The scene at Rabbae al-Adawiya square (Photo Masa'ab el Shamy).
Updated. The Egyptian presidency has declared a state of emergency on Wednesday for the duration of a month, as well as a curfew from 7 in the evening till 6 in the morning, as clashes intensified nationwide after the army earlier in the day came into action to clear the two sit ins of Muslim Brotherhood supporters in Cairo. The sit ins at the Rabbae al-Addawiya mosque and Nahda-Square near the university in Giza has been held for about a month in order to demand the reinstatement of president Mohammed Morsi.
Clashes erupted in a number of neighborhoods in Cairo and violence broke out around the country with numerous reports of attacks on churches in Upper Egypt, Suez as well as attacks on state buildings in Alexandria, Marsa Matrouh and elsewhere. There were reports the the church of the Virgin Mary in Minya, dating back from the 4th century, was torched. The main Coptic church in Sohag was also attacked.
In Fayoum, southwest of Cairo, at least 26 people were killed in clashes with security forces.
In Minya province the number of dead was reported to be 41 people, including six policemen
Hundreds of protesters blocked a main road in Upper Egypt's Assiut city after the pro-Morsi National Alliance for Supporting Legitimacy in the province called for protests at government offices there. Several protest marches got underway in Alexandria, intermittently blocking off main roads, according to Ahram's Arabic news website. Hundreds of pro-Morsi protesters blocked the main coastal road during the protests. Ahram Arabic also reported a demonstration in Upper Egypt's Aswan, where it said tens protested at the governorate offices, throwing stones in reaction to the attacks on the Cairo and Giza sit-ins. In Minya police vehicles were torched by angry protesters. In Luxor a hotel went up in fire.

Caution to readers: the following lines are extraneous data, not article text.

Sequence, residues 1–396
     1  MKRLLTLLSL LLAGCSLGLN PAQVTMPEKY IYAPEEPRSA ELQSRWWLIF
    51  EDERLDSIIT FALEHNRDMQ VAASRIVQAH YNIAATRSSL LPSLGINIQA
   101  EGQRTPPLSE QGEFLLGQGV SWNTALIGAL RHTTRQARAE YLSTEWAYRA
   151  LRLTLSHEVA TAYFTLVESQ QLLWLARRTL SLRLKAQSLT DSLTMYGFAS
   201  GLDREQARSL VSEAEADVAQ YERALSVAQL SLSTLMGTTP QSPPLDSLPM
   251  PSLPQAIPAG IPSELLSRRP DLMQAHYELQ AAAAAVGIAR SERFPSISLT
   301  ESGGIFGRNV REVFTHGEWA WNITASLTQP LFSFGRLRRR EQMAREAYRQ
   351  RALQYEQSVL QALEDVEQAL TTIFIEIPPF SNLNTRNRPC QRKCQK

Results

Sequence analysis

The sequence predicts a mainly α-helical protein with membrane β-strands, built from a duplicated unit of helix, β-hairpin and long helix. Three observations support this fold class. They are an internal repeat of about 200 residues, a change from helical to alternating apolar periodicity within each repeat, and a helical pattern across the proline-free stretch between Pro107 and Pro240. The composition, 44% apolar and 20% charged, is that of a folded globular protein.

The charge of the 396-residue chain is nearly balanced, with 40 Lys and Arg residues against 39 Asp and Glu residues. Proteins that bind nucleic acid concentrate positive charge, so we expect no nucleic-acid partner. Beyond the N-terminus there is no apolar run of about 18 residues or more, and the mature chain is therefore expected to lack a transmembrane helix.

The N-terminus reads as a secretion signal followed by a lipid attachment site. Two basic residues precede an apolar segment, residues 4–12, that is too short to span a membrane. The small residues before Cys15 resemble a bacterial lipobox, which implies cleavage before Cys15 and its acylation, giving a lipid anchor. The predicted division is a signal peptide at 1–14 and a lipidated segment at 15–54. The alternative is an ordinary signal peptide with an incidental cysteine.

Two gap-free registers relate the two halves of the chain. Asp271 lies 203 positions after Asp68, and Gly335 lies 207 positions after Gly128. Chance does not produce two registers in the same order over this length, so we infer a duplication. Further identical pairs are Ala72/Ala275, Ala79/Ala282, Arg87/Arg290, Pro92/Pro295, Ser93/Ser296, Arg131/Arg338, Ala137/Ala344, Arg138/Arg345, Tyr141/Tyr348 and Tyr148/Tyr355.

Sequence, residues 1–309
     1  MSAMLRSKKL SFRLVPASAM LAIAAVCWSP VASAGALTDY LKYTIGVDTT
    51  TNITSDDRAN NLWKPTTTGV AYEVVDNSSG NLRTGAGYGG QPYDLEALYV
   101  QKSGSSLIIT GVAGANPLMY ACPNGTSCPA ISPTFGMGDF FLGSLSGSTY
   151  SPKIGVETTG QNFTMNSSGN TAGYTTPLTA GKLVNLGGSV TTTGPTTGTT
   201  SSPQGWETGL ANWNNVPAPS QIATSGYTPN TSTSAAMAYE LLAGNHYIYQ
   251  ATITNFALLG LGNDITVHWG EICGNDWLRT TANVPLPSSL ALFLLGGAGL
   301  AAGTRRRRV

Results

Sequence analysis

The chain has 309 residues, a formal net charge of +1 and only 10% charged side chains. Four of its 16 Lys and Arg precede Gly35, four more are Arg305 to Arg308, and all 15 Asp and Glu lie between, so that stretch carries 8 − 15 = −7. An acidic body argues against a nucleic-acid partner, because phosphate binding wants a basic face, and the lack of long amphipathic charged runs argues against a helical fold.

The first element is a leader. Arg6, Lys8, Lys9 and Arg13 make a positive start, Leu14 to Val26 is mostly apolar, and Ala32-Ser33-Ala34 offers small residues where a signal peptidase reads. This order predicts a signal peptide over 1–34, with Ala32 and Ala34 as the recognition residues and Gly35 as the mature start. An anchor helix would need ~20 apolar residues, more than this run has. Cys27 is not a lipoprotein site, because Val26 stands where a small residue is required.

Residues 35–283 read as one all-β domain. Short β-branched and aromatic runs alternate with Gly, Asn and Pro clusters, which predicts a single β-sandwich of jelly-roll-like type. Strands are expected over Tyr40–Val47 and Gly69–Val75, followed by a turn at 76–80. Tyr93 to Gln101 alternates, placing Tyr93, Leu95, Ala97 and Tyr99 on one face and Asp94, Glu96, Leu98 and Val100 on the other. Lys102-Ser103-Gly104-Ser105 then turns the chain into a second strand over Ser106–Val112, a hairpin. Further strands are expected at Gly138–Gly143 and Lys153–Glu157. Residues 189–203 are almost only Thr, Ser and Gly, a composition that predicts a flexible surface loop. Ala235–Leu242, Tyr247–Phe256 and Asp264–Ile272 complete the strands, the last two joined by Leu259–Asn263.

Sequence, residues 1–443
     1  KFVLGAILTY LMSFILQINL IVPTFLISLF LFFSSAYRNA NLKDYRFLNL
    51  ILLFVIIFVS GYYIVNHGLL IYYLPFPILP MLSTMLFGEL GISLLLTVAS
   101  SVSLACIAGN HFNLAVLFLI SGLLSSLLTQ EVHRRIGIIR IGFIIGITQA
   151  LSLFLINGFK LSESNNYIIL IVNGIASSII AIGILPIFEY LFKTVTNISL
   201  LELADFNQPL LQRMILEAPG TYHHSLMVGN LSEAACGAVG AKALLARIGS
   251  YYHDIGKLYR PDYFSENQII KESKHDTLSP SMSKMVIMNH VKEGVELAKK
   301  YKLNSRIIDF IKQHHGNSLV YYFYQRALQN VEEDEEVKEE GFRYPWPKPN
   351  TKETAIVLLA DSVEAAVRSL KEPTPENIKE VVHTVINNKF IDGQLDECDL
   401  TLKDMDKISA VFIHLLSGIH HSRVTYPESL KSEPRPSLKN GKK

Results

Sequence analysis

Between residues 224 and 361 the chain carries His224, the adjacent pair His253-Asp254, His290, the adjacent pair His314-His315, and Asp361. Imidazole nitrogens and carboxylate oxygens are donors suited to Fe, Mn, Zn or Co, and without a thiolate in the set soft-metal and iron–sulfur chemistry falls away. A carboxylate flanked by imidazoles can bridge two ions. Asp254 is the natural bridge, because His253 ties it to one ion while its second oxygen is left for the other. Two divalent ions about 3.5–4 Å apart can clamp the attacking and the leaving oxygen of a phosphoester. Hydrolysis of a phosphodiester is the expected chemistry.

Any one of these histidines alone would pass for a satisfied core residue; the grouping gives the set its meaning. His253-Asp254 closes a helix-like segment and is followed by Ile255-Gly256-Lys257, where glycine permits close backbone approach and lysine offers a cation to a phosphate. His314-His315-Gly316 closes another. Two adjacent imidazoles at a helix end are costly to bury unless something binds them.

Earlier in the day, the Central Bank of Egypt ordered all banks to close their branches at 12 pm while the trading on the stock market remained operational, incurring heavy losses. Also all train traffic had been brought to a halt.
One of the mortuary rooms in the hospital at Rabbae al-Adawiya Square (Photo Matthew Cassel)
The Egyptian Interior ministry reported that the death toll stood (Thursday evening) at about 600 killed and more than 3500 people wounded nationwide. (The Muslim Brotherhood is talking about thousands killed). The Egyptian minister of the Interior, Mohamed Ibrahim, said at a press conference Wednesday night that also at least 43 members of the police were killed - 18 officers and 25 soldiers - and 211 injured. He added that 21 police stations were raided by supporters of the Brotherhood. Kerdasa police station in Giza was attacked using rocket-propelled grenades and two police officers were killed.
"Many protesters fired excessively from roof tops [at the Rabbae sit-in in Nasr City] on security forces," said Ibrahim, claiming that security forces "only used tear gas to disperse the protests." Ibrahim, who described pro-Morsi protesters as an "armed gang," said scores of weapons were confiscated during the dispersal, including grenades, guns and bullet-proof vests. He added that at least seven churches were destroyed or torched Wednesday by suspected Islamists. Also hundreds of peole were arrested.
Two journalists were killed in the violence at Rabbae al-Adawiya Square, the 26 year old Habiba Ahmed Abdelaziz of Gulf News and Sky News camera man Mick Deane. Also the 17-year old daughter of one of the leaders of the Muslim Brotherhood, Mohammed Beltagy, was killed.
Vice president Mohammed AlBaradei resigned from his post. In his resignation letter he explained that he could not tajke responsiblity for one drop of spilled blood and that he from the beginning had been against (and had been warning against) taking action against the sit-ins of the Brotherhood supporters. Al-Ahram Online reports that Deputy Prime Minister Ziad Bahaa El-Din and Deputy Prime Misister Hossam Eissa are set to turn in their resignation as well.
Needless to add to all this that this new bloodbath is bound to complicate matters further in Egypt. Once more the army has proven that it is totally incapable of dealing with opposition in an humane and orderly way. At the other hand the Muslim Brotherhood crossed all lines by attacking shops, churches and other property belonging to Christians (the identify Christians as allies of the West) and by attacking property like municipal offices or, as was also reported, the Alexandria library. How can this ever be reconciled?? Egypt is really in deep trouble.